Even as the Brooklyn Nets continued to fail to gain traction in the second half of the season and fell to the play-in tournament, it would have been difficult to anticipate them being on the wrong side of the most one-sided series of this year’s playoffs. Their series against the Boston Celtics was deemed as potentially the most competitive first round series in NBA history. Brooklyn was the seventh seed in the Eastern conference, but their ranking was not supposed to be a reflection on their playoff potential. This series was not going to be your usual first round matchup, it was going to be a conference final level and it was going to end with a team who had proven to be a championship contender being sent home far too early.
This buildup was not surprising. The expectations for the Nets were sky-high and have been so since Kevin Durant and Kyrie Irving came to Brooklyn three years ago. And even as the Nets struggled in the regular season, it was hard to temper those expectations. Irving missed 53 games in the regular season, largely because of his refusal to take the Covid-19 vaccine. Durant missed 27 games with injury. There was also the mid-season trade which sent former MVP James Harden to the Philadelphia 76ers for Ben Simmons, who has not appeared in a game since last season’s playoffs.
There were plenty of excuses to explain the Nets’ struggles. And as witnesses to Durant and Irving’s past playoff magic, who were we to doubt their ability to do it again? Certainly, when it mattered most, this Nets team would figure it out. A switch was sure to click players and coaches alike into high gear, into the championship caliber team we all expected them to be. Worries about their team defense and what other three players made up the best lineup to play alongside Irving and Durant would be resolved. Ben Simmons’ highly anticipated and assumed to be imminent return would help solve both of those problems. Another player or two would step up in key moments to help complement Brooklyn’s three-headed monster. Any other issues would be shored up by the fact that the Nets have Kyrie Irving and Kevin Durant, while their opponents don’t.
But the excuses never proved to be valid ones. Brooklyn played sixteen quarters of playoff basketball in which that metaphorical switch was never flipped. A defensive collapse in the last possession of game one gave the Celtics’ an open layup and the game, completely wasting a 38 point masterclass and giant middle finger from Kyrie Irving to his former team. Then in games two and three, Bruce Brown stepped up as that other player who could help the Nets win, as he often had this season. The problem, however, was that his efforts came without strong performances from Irving and Durant that we had presumed would be a constant in the series. Irving did not come close to repeating his game one performance in any other game, and Durant struggled in a way he had made us forget he was capable of until game four. In game four with their season on the line, the needed urgency was never really as palpable as it should be in such a scenario. Defensive lapses continued, center Nic Claxton left ten points at the free throw line, and Durant just didn’t hit the clutch shots he often made last playoffs. On top of all this, that third star, Ben Simmons, who was brought in to elevate the Nets with his point guard prowess and elite defense, did not appear once in a series he was widely expected to be healthy enough to play in.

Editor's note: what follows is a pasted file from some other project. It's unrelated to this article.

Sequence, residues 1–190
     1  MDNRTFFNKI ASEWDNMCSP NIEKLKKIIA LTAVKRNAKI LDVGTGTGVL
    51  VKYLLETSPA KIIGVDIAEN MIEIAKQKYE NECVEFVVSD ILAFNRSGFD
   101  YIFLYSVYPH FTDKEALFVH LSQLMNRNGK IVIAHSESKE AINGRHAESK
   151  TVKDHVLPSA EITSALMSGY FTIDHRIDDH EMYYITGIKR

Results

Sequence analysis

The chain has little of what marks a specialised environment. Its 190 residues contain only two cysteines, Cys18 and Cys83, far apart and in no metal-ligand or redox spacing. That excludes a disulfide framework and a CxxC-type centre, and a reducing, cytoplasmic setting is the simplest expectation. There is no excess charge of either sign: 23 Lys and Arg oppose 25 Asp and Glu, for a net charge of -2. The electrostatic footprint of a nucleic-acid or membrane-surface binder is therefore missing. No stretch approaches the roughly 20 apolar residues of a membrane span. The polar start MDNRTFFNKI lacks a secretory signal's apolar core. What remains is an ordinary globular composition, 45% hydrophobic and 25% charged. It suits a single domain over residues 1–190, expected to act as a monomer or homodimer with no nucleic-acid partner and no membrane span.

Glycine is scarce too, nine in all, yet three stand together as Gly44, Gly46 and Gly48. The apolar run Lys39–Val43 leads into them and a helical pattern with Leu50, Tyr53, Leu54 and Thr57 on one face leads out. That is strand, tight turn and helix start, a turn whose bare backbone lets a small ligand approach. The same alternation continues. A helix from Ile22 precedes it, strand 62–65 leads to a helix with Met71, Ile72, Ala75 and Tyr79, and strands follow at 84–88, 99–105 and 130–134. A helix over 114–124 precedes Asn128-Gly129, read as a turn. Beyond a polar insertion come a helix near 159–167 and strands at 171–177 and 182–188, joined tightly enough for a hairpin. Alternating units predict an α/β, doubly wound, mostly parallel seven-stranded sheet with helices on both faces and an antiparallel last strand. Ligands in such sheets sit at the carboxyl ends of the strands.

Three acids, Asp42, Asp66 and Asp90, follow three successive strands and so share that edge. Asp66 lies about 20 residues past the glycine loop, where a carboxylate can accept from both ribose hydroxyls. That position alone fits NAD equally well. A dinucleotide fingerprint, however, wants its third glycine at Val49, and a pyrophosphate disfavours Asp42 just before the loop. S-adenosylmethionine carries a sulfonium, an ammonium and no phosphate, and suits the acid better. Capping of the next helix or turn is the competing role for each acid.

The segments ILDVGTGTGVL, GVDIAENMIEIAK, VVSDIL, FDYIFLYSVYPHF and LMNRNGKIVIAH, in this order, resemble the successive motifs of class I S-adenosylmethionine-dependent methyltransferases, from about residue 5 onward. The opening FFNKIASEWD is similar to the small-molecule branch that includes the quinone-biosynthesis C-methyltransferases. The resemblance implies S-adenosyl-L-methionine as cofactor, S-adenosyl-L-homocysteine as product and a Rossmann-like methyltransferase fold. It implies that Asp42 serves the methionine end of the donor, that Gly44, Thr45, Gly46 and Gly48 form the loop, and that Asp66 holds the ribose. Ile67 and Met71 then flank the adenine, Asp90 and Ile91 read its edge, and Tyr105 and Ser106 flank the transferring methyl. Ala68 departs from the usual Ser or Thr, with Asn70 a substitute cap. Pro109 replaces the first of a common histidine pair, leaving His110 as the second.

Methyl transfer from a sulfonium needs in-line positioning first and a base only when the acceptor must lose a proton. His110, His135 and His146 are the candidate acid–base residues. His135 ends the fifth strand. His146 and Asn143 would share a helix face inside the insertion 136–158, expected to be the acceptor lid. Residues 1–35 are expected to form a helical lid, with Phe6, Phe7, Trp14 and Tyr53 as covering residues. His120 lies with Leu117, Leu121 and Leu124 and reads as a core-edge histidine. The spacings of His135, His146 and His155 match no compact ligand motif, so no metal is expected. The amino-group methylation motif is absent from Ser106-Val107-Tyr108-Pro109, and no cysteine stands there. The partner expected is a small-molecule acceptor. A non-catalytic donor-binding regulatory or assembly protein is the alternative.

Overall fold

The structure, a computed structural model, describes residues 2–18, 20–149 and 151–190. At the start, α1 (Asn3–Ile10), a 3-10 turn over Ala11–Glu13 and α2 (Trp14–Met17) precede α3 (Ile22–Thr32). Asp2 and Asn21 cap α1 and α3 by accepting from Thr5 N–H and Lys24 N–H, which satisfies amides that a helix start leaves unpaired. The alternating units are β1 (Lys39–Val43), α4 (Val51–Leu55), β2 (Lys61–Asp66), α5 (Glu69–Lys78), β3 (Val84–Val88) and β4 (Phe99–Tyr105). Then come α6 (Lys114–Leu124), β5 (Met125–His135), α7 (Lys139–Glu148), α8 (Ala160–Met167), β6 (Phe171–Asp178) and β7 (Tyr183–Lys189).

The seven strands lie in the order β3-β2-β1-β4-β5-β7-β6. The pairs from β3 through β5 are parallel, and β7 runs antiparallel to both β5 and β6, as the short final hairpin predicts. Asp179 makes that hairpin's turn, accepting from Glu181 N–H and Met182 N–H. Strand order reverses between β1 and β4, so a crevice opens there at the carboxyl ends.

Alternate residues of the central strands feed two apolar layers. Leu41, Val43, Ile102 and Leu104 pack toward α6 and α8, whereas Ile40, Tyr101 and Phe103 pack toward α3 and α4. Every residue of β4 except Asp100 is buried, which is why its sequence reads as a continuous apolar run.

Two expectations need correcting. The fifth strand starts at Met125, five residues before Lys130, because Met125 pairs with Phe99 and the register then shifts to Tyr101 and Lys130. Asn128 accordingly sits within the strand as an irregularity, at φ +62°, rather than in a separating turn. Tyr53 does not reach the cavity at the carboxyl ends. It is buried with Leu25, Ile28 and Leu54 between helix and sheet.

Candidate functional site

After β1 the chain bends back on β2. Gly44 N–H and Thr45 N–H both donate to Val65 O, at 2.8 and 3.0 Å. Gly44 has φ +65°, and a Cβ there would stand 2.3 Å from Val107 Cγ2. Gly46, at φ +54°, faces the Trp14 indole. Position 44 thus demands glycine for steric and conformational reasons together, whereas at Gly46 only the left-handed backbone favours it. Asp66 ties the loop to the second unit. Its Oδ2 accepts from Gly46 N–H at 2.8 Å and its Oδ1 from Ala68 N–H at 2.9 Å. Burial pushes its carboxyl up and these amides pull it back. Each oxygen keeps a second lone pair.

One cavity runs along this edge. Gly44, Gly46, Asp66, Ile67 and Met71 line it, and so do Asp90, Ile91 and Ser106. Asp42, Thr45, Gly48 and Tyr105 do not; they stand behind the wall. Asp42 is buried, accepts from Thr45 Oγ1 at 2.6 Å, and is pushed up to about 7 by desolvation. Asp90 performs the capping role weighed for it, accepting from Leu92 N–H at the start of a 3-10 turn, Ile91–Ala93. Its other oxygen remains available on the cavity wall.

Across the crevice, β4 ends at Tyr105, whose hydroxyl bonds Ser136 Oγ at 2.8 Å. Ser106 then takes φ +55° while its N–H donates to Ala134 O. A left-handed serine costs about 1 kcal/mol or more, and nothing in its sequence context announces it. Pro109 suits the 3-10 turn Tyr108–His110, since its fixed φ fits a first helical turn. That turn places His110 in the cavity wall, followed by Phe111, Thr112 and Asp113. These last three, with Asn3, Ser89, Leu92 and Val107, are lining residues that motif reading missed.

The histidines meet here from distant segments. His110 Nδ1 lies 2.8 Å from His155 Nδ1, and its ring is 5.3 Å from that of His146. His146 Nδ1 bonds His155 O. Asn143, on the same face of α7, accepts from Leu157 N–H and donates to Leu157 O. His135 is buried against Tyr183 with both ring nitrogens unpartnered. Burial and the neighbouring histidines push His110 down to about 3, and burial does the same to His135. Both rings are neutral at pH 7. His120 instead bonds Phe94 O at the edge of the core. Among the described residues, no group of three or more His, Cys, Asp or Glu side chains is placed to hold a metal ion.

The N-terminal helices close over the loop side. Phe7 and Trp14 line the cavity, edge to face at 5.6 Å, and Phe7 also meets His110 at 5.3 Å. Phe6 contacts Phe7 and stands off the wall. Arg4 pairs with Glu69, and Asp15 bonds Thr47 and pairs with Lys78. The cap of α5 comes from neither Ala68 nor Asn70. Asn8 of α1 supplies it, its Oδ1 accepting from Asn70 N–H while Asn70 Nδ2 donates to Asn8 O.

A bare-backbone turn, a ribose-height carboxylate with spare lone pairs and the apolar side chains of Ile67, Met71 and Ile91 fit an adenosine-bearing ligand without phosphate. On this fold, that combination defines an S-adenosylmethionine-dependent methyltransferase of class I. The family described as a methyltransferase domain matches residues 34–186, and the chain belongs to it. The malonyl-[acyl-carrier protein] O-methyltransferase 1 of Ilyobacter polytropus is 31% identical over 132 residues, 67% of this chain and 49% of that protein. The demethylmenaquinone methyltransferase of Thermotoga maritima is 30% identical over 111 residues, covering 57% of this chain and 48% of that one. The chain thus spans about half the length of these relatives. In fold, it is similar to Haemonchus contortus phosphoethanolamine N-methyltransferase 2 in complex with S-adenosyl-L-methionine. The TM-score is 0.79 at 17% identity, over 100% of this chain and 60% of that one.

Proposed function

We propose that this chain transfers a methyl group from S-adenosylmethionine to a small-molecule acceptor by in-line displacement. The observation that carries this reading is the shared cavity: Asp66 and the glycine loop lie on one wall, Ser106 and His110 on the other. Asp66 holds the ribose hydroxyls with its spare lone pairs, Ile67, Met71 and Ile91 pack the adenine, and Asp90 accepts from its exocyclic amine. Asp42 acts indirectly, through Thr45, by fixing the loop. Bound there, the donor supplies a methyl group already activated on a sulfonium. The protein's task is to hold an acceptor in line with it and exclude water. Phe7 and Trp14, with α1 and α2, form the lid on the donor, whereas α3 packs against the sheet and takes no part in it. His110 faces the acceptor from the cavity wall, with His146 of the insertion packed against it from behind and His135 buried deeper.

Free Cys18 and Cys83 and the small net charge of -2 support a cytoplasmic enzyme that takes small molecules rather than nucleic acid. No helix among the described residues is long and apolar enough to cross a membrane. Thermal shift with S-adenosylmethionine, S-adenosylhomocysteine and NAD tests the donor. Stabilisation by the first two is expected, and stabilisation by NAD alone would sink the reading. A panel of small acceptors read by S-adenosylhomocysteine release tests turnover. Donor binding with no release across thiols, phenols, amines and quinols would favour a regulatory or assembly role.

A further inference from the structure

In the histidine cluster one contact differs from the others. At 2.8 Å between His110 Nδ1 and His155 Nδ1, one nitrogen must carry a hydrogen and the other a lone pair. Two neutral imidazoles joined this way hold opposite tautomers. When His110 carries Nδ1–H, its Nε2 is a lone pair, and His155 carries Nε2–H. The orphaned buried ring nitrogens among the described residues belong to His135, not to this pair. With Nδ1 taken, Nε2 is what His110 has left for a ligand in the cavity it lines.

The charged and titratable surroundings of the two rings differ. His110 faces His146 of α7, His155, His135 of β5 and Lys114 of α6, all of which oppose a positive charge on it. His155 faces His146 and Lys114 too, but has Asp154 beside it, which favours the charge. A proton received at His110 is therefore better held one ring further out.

The Nets’ superteam endeavor has failed once again. And honestly, I won’t rule out it all being because of lineup inconsistencies. Give Durant, Irving, and Simmons a full regular season together and they might just figure it all out. But at the same time, it feels like there is more missing. We’ve seen teams like the Los Angeles Clippers fail to be the superteam that just clicks when it matters most. They responded by making needed adjustments, and while injuries to Kawhi Leonard and Paul George have prevented us from seeing concrete evidence, it really does feel like the changes made have moved the franchise in the right direction. The most notable of these changes might have come at the head coaching position, an area where Brooklyn may need to seriously consider making a change this offseason. Admittedly, I feel a little bad for their current coach Steve Nash. Nash was essentially appointed by the Nets’ stars to be their coach, despite having no NBA coaching experience. He clearly was hired to act as a good manager of superstars and a team that would not need what a conventional NBA coach provides. But three years in, the Nets may need a seasoned coach to come in and make sense of whatever is happening inside the organization. Nash may not deserve to be immediately fired, but if the right coach becomes available, I’d expect the Nets to look to make the upgrade.
The Nets future promises to be a bright one, even with three seasons that might attempt to convince us otherwise. As more elite teams emerge both because of superstars and strong front offices, a championship is now far from the guarantee it once was for the Nets. Changes will be made, and even if we just bank on Irving and Durant getting a few more games together and the addition of Simmons, I’d confidently bet on that being enough to give Brooklyn fans a lot more to cheer for than this season did.